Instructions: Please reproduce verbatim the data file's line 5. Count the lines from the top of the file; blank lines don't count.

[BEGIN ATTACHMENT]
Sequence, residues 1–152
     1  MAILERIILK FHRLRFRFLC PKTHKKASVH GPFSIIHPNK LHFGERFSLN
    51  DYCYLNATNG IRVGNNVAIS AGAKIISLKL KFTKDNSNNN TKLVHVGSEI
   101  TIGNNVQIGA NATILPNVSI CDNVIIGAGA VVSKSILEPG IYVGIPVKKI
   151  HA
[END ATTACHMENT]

   151  HA